Moore Stephens reports small rise in shipping confidence

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Richard Greiner
Richard Greiner
Richard Greiner

Overall confidence levels in the shipping industry rose slightly in the three months to May 2016, according to the latest Shipping Confidence Survey from international accountant and shipping adviser Moore Stephens.

In May 2016, the average confidence level expressed by respondents in the markets in which they operate was 5.1 on a scale of 1 (low) to 10 (high). This is a slight improvement on the 5.0 recorded in February 2016, but is still the second lowest rating in the life of the survey, which was launched in May 2008 with a confidence rating of 6.8.

Confidence on the part of owners was markedly up this time, from 4.8 to 5.7, while charterers were also slightly more optimistic than in February, their rating inching up from 3.9 to 4.0. Confidence among managers and brokers, however, was down, from 5.5 to 5.1 and from 5.1 to 4.3 respectively.

Geographically, albeit from very low levels last time, confidence was up in Asia, from 4.4 to 5.2, in Europe from 5.1 to 5.2, and in North America from 4.7 to 5.0.

Economic and geopolitical uncertainty was uppermost in the thoughts of many respondents. “Overall world economic growth is still not moving concertedly in a positive direction,” said one, “so that we have what might best be described as a patchy global economic recovery.” Another emphasised, “Unless there is a drastic change in geopolitical events, shipping markets will remain in their present condition for another 12 months.” Elsewhere it was noted, “World economies are in transition, and we have to adapt to a period when money is not so easy to come by.”

The availability of money for shipping projects, meanwhile, was another recurring theme in respondents’ comments. “Finance is way too cheap,” said one, “and has caused a massive over-supply of tonnage.” Not everybody agreed, however. One respondent complained, “Demands for early loan repayments have been a huge blow to owners’ survival plans,” while another said, “Unstable income due to the collapse in the markets has led financiers to lose confidence in owners.”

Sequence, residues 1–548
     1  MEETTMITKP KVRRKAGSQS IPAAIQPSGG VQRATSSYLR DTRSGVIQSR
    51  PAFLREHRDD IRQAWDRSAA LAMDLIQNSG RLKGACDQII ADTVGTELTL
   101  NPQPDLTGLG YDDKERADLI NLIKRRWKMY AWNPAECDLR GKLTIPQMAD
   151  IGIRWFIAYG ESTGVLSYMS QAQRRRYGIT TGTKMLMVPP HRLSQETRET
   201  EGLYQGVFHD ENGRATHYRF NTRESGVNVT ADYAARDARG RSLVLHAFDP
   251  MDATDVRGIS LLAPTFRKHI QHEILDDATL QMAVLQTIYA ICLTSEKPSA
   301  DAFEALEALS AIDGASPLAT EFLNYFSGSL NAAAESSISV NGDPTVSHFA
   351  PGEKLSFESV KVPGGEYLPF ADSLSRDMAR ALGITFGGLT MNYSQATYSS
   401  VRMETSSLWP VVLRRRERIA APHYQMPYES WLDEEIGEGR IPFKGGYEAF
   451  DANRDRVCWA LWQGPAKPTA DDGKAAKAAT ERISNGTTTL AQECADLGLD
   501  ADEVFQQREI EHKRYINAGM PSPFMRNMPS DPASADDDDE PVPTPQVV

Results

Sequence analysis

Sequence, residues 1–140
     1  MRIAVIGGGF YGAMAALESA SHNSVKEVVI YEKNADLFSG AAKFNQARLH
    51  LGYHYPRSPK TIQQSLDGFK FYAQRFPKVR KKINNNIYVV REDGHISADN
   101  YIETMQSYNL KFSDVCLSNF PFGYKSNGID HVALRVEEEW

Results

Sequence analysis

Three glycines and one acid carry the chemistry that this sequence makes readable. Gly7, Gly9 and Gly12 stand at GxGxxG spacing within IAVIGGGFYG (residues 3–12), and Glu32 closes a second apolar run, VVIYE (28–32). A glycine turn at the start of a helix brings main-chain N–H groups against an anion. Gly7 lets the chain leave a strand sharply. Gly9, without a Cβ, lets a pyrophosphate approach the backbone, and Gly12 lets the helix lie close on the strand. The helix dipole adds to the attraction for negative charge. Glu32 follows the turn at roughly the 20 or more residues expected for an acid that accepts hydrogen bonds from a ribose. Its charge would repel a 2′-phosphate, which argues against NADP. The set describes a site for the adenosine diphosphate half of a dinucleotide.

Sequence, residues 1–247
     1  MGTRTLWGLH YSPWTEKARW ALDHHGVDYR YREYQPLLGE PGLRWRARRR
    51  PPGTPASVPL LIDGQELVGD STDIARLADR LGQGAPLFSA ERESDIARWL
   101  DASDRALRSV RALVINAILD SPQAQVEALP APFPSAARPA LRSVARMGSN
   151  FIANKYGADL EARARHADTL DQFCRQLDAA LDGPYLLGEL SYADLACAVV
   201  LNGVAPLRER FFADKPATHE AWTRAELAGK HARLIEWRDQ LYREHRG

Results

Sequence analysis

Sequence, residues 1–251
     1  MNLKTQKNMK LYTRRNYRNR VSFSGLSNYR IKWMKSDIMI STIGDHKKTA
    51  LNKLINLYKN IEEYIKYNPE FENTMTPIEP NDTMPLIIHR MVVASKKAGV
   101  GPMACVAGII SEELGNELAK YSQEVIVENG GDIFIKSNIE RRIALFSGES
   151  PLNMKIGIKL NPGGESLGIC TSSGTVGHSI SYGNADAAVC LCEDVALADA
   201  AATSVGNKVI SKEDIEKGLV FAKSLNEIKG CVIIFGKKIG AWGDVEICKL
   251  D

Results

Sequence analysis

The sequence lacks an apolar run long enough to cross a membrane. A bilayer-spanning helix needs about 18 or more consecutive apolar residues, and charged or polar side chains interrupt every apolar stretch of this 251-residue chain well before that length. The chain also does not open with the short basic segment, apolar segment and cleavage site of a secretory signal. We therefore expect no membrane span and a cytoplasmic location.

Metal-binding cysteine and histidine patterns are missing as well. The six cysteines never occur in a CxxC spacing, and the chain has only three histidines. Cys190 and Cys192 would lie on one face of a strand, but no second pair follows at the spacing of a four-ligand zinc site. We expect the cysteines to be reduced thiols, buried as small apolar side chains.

Once again, a surfeit of tonnage and a paucity of scrapping were referenced by a number of respondents. One noted, “Far too many newbuildings in the ultra-to-VLOC size range will be hitting the market in the next 12-to-18 months,” while elsewhere it was noted that what is needed is, “strong scrapping, fewer dry newbuildings, stiffer regulations, better and more uniform control.”

Another respondent said, “Over-supply of tonnage is still the key influencing factor in the market, and there will be no real change until bold decisions are made in respect of scrapping tonnage which is less than twenty years old.”

It was not all pessimism, however. One respondent insisted, “There are lots of opportunities in the market for smart operators. Those who merely follow the lead of others will, as always, suffer, because they do not understand the market.” More than one respondent, meanwhile, emphasised that, in many cases, there is simply no alternative to shipping. “Shipping is the major means of transporting goods in the world, and shipping lanes will continue to increase,” said one. “There is still a market out there,” said another, “but we can’t all be winners, and there is no longer any room for mediocre performance.”